OK ... but let's look at what that diet plate WAS ... and what it wasn't. I would note that there are no condiments on that patty. No cheese, mayo or even ketchup. It's also not swimming in a pile of grease and this does not appear to be the doing of impeccable plating. It's also quite a pathetic "standard sized" patty, likely 4 oz before cooking and was likely smashed on a grill not fried in coconut oil slatherings. I notice a little bowl with a half dozen olives and some carrot sticks that I'll presume each received. So I ran it through nutritiondata.com tracker.
There you have it. With the Tab, 367 calories ... give or take. It comes out to 20.2 g fat (~7g saturated) . You'll notice that the full fat cottage cheese has only 5g fat so not nearly as decadent as the low fat folks admittedly presume. This is a high protein meal at 33.5 g and with the tab we'll round the carbs to 12 grams even. This works out to 50% fat, 37% protein and 13% carb.
If one ate these diet plates for three meals a day, we'd be in Fat Fast calorie range ~1100 cal/day, getting in enough protein at right around 100g, and below the magic 50g/day carbs that might hamper weight loss.
Now. Do you think if someone did this they would lose weight because:
a. They are in caloric deficit or b. They are keeping their insulin low
I would note that this meal provides practically no vitamin A until you add the carrots, zero vitamin D, less than 100 mg of omega 3 fatty acids, a 10:1 O6:O3 ratio, nominal amounts of vitamin E, under 40 mg of magnesium. While providing almost 700 mg potassium, it does also come with almost ever so slightly more sodium. There are some bright sides nutritionally, but this meal would fall far short on nutrition especially if two others during the day
Bottom line? The diet plates of old may well have been slightly different in composition, but they are alike in one very important way. They are low everything on an absolute basis ... because they are LOW CALORIE. That meal would fit perfectly well in a high protein low fat reducing diet of say 1500 cal/day 30% protein, 30% fat, 40% carb. They still have 30g fat to go for the day, so could eat two high fat diet plates if they so desired. Meanwhile, most low carbers would not touch the cottage cheese what with its dastardly 5g carb/serving. Lastly, I've said it before and I'll say it again. For women, I think if we could isolate a single problem with the diet advice for weight loss, it would be that 15% protein notion. When you get to 1500 cal/day, you are at 56g/day. If you go lower -- the standard 1200 cal/day diet that many women need to employ to see losses noticeable enough to keep going -- you're at 45g/day. You're also in Fat Fast range which is why it was never intended as more than a morale boosting gimick. It's not enough. Not for satiety or for maintaining LBM, though at least folks will stand a chance if the remainder of the diet contains carbs so as to spare the protein. Most Americans lean towards 17-18% protein which equates to 87.5g protein for 2000 cal, 109.4 for 2500 and 131 g for 3000 cal. Eating 35% protein of 1200 cal/day is 90g protein. That's in a "normal" and "usual" absolute value range for many. Dietary advice has evolved. It's only the low carbers that seem hell bent on pigeon holing LF diets as they do.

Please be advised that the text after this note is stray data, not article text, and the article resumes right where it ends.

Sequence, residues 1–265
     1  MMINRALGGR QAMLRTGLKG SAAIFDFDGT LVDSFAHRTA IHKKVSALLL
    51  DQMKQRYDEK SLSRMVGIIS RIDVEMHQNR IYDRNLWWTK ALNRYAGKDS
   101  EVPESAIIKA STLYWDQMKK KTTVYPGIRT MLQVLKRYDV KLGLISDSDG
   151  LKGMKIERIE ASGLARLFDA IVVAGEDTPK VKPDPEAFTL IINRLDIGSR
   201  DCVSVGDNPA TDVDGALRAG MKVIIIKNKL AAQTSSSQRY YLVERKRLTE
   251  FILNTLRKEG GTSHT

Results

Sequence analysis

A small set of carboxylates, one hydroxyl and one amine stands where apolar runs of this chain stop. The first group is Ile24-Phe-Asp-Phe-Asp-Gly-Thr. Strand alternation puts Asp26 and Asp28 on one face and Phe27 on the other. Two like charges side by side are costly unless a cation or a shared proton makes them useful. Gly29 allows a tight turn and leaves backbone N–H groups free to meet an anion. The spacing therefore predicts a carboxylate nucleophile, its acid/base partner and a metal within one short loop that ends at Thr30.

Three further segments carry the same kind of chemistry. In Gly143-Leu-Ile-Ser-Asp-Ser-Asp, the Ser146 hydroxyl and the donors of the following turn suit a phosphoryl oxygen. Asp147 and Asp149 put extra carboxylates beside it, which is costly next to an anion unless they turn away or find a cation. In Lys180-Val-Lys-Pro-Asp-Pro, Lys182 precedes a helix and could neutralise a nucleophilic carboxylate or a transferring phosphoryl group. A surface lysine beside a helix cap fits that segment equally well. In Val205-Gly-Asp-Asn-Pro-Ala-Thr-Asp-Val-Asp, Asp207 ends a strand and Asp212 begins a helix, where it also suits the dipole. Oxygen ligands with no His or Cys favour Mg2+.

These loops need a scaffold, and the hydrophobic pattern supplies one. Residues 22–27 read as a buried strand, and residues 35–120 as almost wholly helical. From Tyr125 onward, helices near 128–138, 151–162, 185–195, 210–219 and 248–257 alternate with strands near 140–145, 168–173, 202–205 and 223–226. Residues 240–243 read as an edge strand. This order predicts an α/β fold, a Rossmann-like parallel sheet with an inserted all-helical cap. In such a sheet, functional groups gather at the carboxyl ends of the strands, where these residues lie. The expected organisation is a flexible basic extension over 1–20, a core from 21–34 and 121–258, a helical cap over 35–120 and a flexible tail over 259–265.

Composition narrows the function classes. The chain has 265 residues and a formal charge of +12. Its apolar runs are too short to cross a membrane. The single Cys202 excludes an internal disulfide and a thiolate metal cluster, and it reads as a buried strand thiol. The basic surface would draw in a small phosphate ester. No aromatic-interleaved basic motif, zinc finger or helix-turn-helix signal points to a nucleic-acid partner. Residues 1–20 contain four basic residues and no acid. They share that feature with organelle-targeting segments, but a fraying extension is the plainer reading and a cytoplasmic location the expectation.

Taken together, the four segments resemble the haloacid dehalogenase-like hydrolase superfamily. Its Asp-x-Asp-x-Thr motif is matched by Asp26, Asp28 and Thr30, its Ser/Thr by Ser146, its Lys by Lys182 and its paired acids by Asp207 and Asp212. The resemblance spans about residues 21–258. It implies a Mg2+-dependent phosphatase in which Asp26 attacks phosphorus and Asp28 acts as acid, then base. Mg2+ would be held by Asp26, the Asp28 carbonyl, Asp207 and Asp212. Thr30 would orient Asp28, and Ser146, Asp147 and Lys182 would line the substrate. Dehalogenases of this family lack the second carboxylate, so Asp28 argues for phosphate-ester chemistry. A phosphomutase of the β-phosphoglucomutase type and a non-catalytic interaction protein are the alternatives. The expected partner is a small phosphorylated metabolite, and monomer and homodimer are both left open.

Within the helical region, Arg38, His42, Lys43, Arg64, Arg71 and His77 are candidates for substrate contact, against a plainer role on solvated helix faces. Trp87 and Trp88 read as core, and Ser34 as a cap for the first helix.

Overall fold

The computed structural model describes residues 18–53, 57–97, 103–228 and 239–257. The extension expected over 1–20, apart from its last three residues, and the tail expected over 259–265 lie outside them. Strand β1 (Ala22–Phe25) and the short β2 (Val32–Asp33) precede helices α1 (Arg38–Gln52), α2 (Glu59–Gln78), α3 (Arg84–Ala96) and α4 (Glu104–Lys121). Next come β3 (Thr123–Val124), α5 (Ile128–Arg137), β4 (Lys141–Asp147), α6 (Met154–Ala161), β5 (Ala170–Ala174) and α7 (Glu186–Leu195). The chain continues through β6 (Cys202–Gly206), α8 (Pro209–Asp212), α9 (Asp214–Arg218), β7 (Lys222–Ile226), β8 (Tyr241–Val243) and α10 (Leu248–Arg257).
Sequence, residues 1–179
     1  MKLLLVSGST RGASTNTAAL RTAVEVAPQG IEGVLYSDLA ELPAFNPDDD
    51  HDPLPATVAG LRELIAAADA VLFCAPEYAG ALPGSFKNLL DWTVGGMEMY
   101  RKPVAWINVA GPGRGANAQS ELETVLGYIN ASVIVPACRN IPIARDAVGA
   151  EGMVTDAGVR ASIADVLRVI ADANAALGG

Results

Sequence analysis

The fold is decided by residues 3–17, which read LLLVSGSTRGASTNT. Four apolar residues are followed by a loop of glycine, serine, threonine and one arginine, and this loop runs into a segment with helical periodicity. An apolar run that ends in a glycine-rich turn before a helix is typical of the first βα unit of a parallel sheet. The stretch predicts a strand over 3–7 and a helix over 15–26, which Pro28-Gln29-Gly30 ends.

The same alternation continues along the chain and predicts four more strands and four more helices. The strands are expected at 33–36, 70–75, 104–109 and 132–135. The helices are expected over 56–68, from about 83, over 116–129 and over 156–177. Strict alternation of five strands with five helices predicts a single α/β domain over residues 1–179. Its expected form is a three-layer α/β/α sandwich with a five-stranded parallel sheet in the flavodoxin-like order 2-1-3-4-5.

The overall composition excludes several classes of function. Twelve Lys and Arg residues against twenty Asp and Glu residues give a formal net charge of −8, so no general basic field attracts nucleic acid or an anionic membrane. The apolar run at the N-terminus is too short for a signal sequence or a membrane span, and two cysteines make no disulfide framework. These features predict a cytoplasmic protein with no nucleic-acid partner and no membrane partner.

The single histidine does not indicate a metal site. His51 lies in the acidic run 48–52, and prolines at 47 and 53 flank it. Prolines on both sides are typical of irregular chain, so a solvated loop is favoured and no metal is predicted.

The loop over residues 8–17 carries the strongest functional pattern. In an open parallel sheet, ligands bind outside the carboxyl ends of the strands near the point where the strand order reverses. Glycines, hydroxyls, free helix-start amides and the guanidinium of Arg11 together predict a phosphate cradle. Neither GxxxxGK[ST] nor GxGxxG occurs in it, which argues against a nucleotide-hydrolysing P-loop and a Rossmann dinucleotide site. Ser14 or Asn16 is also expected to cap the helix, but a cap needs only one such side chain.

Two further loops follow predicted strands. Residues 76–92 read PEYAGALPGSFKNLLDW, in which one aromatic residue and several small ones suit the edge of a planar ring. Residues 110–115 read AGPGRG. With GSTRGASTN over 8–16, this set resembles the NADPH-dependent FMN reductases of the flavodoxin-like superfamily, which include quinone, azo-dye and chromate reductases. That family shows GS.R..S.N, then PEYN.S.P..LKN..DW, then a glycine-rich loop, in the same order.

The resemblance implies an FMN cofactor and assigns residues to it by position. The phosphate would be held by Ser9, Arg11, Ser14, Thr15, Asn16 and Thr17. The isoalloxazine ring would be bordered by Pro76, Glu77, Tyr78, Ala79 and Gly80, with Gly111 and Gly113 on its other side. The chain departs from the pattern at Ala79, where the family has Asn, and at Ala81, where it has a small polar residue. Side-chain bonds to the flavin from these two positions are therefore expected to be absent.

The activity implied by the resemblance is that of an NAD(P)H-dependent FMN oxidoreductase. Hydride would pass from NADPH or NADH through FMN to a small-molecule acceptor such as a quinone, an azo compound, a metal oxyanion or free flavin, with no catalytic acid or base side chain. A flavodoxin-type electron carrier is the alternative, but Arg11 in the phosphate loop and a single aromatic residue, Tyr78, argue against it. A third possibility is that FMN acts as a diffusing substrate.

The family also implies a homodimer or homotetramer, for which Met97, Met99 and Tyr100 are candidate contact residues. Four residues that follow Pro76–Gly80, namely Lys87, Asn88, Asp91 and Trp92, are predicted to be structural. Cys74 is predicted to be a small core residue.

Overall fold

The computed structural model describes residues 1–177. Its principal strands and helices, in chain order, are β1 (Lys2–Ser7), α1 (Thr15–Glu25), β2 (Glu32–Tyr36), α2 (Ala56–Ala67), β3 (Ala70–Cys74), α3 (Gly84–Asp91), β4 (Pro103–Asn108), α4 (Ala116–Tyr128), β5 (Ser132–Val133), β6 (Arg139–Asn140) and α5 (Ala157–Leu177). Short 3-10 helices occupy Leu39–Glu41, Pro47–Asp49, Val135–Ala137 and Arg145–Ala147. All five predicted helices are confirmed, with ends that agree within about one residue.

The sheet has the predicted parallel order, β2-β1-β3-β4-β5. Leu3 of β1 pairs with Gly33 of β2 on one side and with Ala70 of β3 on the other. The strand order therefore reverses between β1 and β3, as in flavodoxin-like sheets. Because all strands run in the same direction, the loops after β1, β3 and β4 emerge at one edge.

Meanwhile, Jimmy Moore was gaining weight like gangbusters on meals like this. Maybe, just maybe, it was because of 2 burgers vs. 1 (and his burgers were usually 8 oz. so realistically we're comparing 4 burgers to 1), the cheese and mayo on the burgers and that Atkins bar. ALL of those calories. Just sayin ....
The above is not what anyone had in mind with all the promises made by Dr. Atkins and all that have come along since. The "Diet Plate" is but another version of the same old bait and switch.